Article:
I also wrote few paragraphs on both apps using the word processor and then performed a spelling check. Both are good at doing it, however, with Quickoffice, you need to install the languages you want, so you have to download them first using QuickManager (which lets you install different apps and upgrades from Quickoffice) and then install them. Office Suite comes with the English dictionary pre-installed.

When working with large text files it may be difficult to scroll to certain section of the file, both apps have the function of automatically scrolling to the Top, Middle or Bottom of the file so you can get faster to the section needed, as well as a Find function so you can locate a certain word or phrase in the document.

In general, Office Suite seems to have more functions which makes it more similar to having MS Office on a computer (word count is great), so I’ll give it a 8.5/10 and Quickoffice will get a 7/10 in terms of functions.

Loading times

This is a problem with both apps, sometimes I have to work with Word documents that are over 30 pages long and when trying to open them with these apps it takes a really long time to open them (+25 seconds) as well as with presentations that are over 15 slides, it takes quite long to open them and sometimes it won’t even open the file.

In this case, Quickoffice turned out to be the best app, more capable of opening large files without crashing and feels a little faster when loading large files. So, Quickoffice gets a 8/10 and Office Suite a 6.5/10.

Speed/Ergonomics

If using a QWERTY device, it is really easy to edit and work with Office files, I would like to have access to a phone with numeric keyboard to see what area the differences when writing long paragraphs. I guess that if you’re good at using T9, you won’t have any problems with writing on both apps.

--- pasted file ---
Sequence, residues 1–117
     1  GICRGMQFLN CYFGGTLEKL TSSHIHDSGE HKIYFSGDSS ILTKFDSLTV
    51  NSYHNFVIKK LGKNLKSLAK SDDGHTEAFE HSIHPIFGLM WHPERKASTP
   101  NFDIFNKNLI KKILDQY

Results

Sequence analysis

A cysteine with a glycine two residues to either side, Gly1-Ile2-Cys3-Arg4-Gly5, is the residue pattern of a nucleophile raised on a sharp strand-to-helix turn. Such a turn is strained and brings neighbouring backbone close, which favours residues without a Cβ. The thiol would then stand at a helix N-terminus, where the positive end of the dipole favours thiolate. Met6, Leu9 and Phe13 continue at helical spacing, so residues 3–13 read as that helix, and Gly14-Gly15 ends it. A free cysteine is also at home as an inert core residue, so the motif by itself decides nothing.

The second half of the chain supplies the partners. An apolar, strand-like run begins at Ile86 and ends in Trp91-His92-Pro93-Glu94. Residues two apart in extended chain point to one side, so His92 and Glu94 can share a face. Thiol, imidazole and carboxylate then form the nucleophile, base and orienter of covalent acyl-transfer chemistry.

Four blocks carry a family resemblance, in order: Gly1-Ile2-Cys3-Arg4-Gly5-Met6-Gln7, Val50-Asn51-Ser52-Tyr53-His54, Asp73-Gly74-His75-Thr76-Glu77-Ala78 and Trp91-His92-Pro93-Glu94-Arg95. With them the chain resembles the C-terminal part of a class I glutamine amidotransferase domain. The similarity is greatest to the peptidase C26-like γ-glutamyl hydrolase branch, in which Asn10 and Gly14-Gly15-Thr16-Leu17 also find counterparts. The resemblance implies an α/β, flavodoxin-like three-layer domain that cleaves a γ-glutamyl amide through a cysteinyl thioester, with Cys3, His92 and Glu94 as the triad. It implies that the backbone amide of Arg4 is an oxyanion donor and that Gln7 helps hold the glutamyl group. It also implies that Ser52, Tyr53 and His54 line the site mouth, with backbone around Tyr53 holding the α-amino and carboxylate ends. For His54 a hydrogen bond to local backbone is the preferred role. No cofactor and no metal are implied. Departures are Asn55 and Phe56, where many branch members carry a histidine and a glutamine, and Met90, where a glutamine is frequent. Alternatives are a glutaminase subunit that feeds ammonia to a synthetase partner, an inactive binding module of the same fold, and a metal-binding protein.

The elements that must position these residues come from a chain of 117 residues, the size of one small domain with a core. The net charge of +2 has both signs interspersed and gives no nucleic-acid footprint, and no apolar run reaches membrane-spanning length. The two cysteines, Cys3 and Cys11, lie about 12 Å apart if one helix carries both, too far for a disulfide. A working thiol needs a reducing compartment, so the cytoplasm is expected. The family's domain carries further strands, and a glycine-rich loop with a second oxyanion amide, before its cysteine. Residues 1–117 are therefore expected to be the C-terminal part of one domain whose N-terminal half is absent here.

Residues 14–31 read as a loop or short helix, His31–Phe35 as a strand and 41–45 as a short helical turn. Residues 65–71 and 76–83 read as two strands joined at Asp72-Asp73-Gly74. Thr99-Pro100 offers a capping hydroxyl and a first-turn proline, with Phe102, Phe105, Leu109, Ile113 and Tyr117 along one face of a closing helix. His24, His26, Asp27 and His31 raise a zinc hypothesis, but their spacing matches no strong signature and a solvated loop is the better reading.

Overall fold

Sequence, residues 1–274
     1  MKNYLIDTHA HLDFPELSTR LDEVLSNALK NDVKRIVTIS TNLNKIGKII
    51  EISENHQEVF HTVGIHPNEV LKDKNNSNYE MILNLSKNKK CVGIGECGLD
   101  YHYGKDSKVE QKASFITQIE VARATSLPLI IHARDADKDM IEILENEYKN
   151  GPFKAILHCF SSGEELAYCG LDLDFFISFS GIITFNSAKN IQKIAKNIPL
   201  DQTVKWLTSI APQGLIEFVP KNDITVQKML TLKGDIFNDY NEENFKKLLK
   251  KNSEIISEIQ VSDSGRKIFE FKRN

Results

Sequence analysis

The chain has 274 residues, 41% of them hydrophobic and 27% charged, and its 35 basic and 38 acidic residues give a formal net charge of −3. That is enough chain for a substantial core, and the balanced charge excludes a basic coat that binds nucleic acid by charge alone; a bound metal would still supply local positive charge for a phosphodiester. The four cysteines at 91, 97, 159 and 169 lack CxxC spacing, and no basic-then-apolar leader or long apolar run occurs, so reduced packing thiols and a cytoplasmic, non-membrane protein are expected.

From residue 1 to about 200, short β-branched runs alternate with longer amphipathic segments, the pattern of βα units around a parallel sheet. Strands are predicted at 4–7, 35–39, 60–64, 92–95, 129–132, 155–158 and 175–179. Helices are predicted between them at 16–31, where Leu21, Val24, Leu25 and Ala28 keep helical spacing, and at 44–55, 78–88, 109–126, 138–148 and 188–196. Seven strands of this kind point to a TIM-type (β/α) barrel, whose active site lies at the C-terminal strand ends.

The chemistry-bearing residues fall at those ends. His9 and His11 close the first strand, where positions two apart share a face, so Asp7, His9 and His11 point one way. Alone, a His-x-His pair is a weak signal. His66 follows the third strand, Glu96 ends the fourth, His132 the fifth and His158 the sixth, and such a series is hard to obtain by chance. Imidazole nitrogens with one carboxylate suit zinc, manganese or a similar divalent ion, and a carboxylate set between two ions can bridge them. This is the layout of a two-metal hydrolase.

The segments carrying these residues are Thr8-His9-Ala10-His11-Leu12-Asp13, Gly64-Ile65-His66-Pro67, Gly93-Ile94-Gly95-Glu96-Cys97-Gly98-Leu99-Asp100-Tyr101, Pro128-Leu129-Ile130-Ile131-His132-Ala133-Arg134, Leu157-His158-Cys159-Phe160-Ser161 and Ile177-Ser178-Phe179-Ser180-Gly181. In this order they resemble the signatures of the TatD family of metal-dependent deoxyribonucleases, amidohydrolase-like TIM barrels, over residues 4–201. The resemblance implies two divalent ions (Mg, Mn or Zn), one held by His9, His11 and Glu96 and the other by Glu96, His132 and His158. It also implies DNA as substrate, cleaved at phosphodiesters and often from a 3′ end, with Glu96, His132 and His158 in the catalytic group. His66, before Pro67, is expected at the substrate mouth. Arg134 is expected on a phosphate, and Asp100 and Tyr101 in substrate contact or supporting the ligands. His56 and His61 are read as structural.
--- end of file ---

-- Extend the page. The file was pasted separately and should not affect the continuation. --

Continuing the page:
The E71 has a screen with great resolution and I didn’t have any problems when working with files that had a lot of text, or reading presentations with tiny fonts or images. However, after reading the Quickoffice review at All About Symbian, I realize that having a device with a huge screen such as the E90 would be a great advantage and would make everything easier. If I had a cell phone with a smaller screen, I think that I wouldn’t buy this app since it would become really tedious to scroll through documents.

Additional remarks

Both apps lack the use of SmarArt, which are special graphics and charts that are easy to create and were one of the biggest features that came with MS Office 2007. I opened some files that contained these SmartArt charts and they did not render.

I performed a test of both apps with my brother, who is a college student, and my father  (Blackberry Pearl owner)  who is a businessman, both can be considered as normobs that are familiar with MS Office. I provided them with a PPT file and asked them to read through the entire presentation using both Quickoffice and Office Suite. They were not told how to access the different functions such as Zooming, Panning, etc. After they read the presentation using both apps I asked which one was easier to use. Both agreed that Quickoffice was easier to use but Office Suite seemed more like a PC and not a cellphone.

I was not able to test the printing capabilities because I could not get access to a Bluetooth printer, but it is worth mentioning that both apps have the capacity of printing files.

Final verdict

I can conclude that both apps are good at opening and editing Office files. It appears that Quickoffice has more experience in the business and they deliver a more solid and responsive application. Office Suite gives the impression of being new in the Office Apps business and lacks stability, however, they deliver more functions and features than Quickoffice. Both apps have the same price of US$70 and it depends on the customer which is the best app to cover his or her needs.

Here are the ratings I gave to each app:

Quickoffice v5.0 (/10)

Office Suite 5 (/10)

Ease-of-use

10

10

Functions

7

8.5

Loading time and responsiveness

8

6.5

Average

8.3

8.3

Note: This grades were given by me independently, I can assure you that I was surprised that there was going to be a tie at the end.

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By , International Correspondent on Dec 4th, 2008 GMT +2